3) Repurpose or Upcycle. 
 I found something in our routine that was no longer working for me and fixed it. In this case, I stopped going to the really popular playground. I must be the only mother with a love-hate relationship with playgrounds, and the biggest and best in our community was fast becoming my nemesis. Although it is filled with a really wonderful collection of equipment, it's also filled with acres of athletic fields and equipment sheds that were far more attractive to my little curiosity seeker than any slide or jungle gym. I would often run into other mothers there, usually when I was exhausted and least felt like socializing. What I needed was place where we could go where Little Mister to burn off some serious steam and I could simultaneously work in some speech therapy homework without feeling self conscious. When I found a tiny, unused playground on a side street just a half mile from our house, it met our needs in a way that the massive community recreation complex could not. There's less playground equipment, but guess what? What is there is in great condition because it sees a lot less action. It's also very clean. Weee!  

4) Maintenance.
 I'm getting back to self care.
You know how when you are a mom and are on duty twenty-four hours a day, you are the last to see a doctor or dentist, or anyone you need to see? I've been working on trying to take care of myself more, because I know it sounds trite, but it is true that I do feel better and function better when my health needs are met, too. I spent all summer with a minor tooth ache. It's gone now, but let's not do that again. I'm clearing up my back log of health concerns and actually scheduling in some personal time to relax. It's not easy, and some weeks it never even happens. It also sometimes means that something else on my to-do list lingers a little while longer, but it has been worth it. The trick: To make the appointment, and then go. It's harder than it sounds!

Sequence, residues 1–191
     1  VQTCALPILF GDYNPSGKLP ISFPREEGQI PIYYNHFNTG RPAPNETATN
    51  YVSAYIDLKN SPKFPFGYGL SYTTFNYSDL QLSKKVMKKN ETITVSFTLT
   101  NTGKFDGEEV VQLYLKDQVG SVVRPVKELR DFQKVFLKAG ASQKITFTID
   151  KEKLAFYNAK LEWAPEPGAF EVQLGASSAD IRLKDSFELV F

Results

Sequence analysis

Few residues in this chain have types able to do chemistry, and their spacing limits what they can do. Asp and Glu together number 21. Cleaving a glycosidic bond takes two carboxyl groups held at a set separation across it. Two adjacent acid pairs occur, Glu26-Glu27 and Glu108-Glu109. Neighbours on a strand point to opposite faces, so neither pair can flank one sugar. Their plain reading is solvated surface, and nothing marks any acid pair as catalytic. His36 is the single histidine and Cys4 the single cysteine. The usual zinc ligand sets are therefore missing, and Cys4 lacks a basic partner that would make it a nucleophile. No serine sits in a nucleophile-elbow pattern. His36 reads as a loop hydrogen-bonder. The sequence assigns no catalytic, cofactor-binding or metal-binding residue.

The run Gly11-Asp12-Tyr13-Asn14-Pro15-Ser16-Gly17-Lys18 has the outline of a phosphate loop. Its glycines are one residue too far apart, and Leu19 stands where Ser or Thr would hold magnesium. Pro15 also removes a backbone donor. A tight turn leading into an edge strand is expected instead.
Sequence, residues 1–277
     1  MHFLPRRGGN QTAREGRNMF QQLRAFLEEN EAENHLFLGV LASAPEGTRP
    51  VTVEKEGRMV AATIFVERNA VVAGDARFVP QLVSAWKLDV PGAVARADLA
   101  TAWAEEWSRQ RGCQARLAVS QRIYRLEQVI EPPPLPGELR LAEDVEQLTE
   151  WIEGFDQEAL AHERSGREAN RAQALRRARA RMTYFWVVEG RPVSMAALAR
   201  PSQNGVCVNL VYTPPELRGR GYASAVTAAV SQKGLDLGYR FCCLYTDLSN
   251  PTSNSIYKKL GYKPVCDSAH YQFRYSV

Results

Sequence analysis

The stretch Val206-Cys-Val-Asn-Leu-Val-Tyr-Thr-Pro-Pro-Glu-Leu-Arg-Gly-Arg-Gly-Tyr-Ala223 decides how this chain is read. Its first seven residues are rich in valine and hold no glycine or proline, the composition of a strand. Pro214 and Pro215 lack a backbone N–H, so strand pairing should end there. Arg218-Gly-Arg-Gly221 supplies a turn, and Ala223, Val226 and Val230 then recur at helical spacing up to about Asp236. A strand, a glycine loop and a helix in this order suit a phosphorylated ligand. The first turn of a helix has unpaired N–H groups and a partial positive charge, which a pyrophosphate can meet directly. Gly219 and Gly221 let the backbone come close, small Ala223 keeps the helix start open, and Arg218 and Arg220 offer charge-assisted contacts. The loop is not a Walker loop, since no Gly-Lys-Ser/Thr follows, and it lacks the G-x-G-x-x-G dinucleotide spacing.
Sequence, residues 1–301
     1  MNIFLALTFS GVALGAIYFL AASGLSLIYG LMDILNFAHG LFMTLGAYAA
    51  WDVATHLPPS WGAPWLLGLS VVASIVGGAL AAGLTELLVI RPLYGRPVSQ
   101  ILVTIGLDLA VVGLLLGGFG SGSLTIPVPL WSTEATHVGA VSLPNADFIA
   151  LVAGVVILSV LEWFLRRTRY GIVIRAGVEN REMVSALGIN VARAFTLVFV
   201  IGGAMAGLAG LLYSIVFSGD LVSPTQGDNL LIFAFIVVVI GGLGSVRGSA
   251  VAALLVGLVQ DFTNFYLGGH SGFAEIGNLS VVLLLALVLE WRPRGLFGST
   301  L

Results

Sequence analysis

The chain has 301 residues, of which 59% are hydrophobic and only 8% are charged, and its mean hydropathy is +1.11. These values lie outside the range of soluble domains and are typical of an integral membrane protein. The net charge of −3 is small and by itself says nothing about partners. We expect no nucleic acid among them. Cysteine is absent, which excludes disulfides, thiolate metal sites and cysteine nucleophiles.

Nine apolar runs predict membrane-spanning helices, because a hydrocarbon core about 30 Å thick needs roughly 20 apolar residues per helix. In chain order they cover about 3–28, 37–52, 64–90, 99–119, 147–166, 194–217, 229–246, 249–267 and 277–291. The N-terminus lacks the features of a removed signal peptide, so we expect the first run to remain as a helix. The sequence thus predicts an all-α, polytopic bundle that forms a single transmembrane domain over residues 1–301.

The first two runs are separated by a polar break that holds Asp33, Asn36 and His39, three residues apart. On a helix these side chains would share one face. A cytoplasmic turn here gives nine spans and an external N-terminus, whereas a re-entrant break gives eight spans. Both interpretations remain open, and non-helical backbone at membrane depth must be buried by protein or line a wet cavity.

5) Raincheck.
I took an energy-sapping annual tradition and filed for a deferment. We survived. 
For the past couple years, we invested lightly in some nice, professional family photographs. I feel strongly that nice memories are worth preserving. Picture day is always a little stressful, hoping that the weather will cooperate, and that our clothes will remain unwrinkled for the shoot. Out of a hundred and fifty pictures, there might be a tiny handful that I actually like, for which I pay a formidable sum and then spend three weeks chasing down the photographer so she can send me the digital files in time for me to make Christmas cards. This year, The Mister was all too happy to hear that we would settle for a less formal portrait, with our own camera, for free. 

All of these mini-projects have helped to simplify things a bit, at least for the time being. Things only stay clean for a little while, and I hope to make it a habit keep any eye on the cobwebs that need to be swept away in life as well as our mudroom.